Investors in Luckin Coffee (LKNC.Y -1.15%) haven't been able to catch a break lately. After having denied allegations from a short-selling specialist early in 2020 as being "unsupported speculations and malicious interpretations of events," the Chinese coffee company announced on April 2 that it would conduct an internal investigation into fraud allegations concerning large fabricated transactions. That sent share prices down more than 80%.
In the aftermath of those allegations, Luckin shareholders had to deal with another problem: a trading halt. Before the market opened on Tuesday, April 7, the Nasdaq Stock Market halted trading in Luckin Coffee shares. That prevented shareholders from selling off their stock, as well as keeping would-be buyers from investing in the coffee company. With the trading halt having lasted for the remainder of the week, the question many people are asking is whether they'll ever see Luckin Coffee's stock trade on the public markets again.
What a trading halt is
Trading halts happen all the time, and they're designed to make it easier for investors to respond to important developments. Most commonly, when a company anticipates that it will have a major news announcement, it'll work with stock exchanges to arrange for a short halt.
The halt ensures that all investors have a chance to find out about the news, analyze it, and determine how they want to respond. It puts everyone on an even playing field, preventing those with superior research tools from taking advantage of those with less sophisticated resources at their disposal.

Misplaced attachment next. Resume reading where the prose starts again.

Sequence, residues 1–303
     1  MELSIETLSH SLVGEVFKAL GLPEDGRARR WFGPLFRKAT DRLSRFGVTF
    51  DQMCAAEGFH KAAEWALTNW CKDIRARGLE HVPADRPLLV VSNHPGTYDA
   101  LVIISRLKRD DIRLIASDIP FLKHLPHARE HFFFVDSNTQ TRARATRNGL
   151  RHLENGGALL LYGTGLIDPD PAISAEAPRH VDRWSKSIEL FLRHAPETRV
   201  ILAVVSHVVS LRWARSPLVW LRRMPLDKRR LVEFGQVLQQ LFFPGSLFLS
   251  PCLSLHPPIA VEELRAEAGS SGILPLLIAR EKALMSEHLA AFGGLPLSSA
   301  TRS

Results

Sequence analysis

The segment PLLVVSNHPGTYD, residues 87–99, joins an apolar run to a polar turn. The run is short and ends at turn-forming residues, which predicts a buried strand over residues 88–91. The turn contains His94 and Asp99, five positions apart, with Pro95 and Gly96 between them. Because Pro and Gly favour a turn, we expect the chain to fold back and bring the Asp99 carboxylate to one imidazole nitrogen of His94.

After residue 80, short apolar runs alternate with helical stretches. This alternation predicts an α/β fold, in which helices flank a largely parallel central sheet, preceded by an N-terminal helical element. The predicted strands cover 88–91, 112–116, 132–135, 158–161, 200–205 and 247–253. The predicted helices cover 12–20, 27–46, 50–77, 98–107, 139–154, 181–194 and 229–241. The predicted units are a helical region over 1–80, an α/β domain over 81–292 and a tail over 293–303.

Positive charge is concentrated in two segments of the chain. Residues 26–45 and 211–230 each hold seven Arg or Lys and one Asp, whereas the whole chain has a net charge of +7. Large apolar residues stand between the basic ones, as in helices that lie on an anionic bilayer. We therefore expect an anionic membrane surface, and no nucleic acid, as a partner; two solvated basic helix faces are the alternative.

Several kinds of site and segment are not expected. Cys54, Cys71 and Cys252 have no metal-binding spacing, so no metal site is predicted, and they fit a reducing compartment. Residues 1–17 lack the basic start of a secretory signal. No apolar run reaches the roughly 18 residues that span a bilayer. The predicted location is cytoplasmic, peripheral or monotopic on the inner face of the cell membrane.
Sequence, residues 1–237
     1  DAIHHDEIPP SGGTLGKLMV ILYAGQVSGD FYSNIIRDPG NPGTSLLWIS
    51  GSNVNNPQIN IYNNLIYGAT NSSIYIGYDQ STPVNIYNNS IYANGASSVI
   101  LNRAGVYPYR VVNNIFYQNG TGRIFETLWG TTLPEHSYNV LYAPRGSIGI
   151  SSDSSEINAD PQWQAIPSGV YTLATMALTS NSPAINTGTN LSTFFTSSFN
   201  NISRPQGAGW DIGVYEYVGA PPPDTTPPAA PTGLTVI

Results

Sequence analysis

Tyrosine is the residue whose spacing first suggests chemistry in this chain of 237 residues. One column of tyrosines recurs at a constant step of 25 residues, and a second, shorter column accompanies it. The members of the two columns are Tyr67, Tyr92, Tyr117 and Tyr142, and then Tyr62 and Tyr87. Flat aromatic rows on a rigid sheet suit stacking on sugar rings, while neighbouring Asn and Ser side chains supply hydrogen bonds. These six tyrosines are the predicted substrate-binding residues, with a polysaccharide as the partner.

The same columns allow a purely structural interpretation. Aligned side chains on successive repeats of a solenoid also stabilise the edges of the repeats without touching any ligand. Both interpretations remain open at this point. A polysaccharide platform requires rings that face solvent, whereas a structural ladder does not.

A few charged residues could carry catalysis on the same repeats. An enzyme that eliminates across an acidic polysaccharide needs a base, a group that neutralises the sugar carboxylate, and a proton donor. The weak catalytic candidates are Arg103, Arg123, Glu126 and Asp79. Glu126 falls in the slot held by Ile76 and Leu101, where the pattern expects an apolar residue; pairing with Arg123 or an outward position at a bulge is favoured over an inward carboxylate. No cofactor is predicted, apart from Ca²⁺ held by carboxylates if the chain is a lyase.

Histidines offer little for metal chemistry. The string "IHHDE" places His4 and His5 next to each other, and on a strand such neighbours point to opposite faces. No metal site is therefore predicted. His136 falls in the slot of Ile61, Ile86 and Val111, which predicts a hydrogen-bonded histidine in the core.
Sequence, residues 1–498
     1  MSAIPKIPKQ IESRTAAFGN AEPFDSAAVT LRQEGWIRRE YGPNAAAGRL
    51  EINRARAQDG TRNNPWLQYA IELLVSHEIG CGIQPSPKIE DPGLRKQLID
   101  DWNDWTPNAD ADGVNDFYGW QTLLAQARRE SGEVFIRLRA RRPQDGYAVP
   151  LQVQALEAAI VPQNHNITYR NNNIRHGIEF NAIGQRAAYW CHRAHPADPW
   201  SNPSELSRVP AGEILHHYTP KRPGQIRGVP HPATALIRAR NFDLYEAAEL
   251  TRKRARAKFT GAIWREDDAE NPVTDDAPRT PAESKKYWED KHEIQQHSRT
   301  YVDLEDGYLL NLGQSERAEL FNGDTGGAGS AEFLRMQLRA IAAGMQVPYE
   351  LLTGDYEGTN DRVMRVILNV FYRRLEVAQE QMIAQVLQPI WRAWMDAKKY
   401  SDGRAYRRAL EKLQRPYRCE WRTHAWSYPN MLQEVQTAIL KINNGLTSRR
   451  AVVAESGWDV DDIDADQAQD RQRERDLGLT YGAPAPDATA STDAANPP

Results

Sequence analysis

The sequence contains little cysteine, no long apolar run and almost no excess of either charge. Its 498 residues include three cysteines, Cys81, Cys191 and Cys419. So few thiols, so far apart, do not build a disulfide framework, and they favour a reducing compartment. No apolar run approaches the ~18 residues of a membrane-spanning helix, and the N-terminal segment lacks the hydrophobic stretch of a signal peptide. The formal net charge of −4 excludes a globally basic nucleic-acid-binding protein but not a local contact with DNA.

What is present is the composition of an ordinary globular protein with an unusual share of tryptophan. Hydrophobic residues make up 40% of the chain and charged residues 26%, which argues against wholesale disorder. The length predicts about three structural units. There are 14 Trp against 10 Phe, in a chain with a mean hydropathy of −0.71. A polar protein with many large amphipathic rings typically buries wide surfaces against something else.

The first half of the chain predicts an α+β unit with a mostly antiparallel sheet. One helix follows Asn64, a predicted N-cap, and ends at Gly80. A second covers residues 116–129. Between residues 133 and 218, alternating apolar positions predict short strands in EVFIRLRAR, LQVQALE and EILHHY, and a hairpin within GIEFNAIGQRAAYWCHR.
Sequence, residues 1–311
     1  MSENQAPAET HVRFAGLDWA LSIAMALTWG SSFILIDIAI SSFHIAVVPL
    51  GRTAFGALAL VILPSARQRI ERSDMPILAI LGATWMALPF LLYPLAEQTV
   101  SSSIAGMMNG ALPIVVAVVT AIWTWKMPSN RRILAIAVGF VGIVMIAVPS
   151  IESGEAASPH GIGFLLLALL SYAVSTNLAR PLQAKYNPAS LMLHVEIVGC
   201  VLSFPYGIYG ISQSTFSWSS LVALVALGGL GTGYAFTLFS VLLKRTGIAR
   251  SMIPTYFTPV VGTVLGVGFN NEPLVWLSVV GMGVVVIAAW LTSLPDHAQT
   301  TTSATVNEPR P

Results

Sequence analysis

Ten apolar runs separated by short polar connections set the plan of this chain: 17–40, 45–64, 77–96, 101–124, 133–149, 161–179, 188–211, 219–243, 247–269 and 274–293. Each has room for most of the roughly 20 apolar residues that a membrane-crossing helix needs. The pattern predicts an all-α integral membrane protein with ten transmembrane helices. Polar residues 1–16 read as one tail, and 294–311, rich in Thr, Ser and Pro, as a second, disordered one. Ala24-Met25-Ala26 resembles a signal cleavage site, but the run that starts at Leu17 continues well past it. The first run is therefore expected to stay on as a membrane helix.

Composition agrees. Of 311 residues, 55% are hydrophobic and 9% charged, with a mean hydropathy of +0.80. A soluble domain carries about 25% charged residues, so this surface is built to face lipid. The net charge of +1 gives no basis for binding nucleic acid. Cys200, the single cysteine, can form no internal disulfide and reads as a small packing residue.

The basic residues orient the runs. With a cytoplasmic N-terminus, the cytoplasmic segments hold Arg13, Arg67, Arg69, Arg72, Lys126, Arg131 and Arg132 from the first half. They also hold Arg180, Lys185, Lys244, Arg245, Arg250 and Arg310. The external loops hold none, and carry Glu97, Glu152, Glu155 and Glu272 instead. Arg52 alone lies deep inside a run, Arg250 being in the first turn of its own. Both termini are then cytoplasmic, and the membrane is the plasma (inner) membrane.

An unusually long halt for Luckin
When Luckin Coffee's trading halt first started on April 7, it came with the guidance that its purpose was for "news pending." Although that created speculation about exactly what the news might be, it nevertheless looked completely routine, with the expectation that investors would be able to trade the stock within an hour or two once the news actually came out.
Indeed, there was one piece of news that people found out about anyway that seemed like it might be what prompted the halt. Late on Monday, April 6, Goldman Sachs said that it had extended more than $500 million in margin loans to a borrower that founder Lu Zhengyao's family trust controlled, and in order to pay off the loan, Goldman had seized a massive percentage of Luckin's total outstanding shares.
Yet despite that news seeming like the obvious cause for the halt, the stock never opened on Tuesday. It remained halted on Wednesday as well, and neither did any trading happen on Thursday. Those wanting to buy or sell shares had no opportunity to do so.
The only new piece of information came from Nasdaq late Thursday. The stock exchange said that it had changed the particular type of trading halt for Luckin from "news pending" to "additional information requested." The press release referred to a request for information that the stock exchange had made, and it stated that the trading in the stock would remain halted until Luckin Coffee satisfies its information request.
Currently, Luckin's halt is only tied to Nasdaq itself. In the past, though, some stocks have had their trading suspended by the U.S. Securities and Exchange Commission, and that can lead to extremely long periods of time during which shareholders can't make trades. One recent example involves a company called ZOOM Technologies, which the SEC suspended because of the confusion that resulted from its having such a similar name to Zoom Video Communications (ZM 0.94%). Trading stopped on March 26 and was scheduled to resume on April 9, but news sources didn't report any trading activity that day, either.
Based on current information, it seems likely that Luckin Coffee stock will trade again at some point. If the Chinese company can't satisfy Nasdaq, then trading might eventually happen in over-the-counter transactions rather than on the exchange. Until the Goldman situation gets resolved, though, those wanting to buy or sell Luckin Coffee shares might have to keep waiting.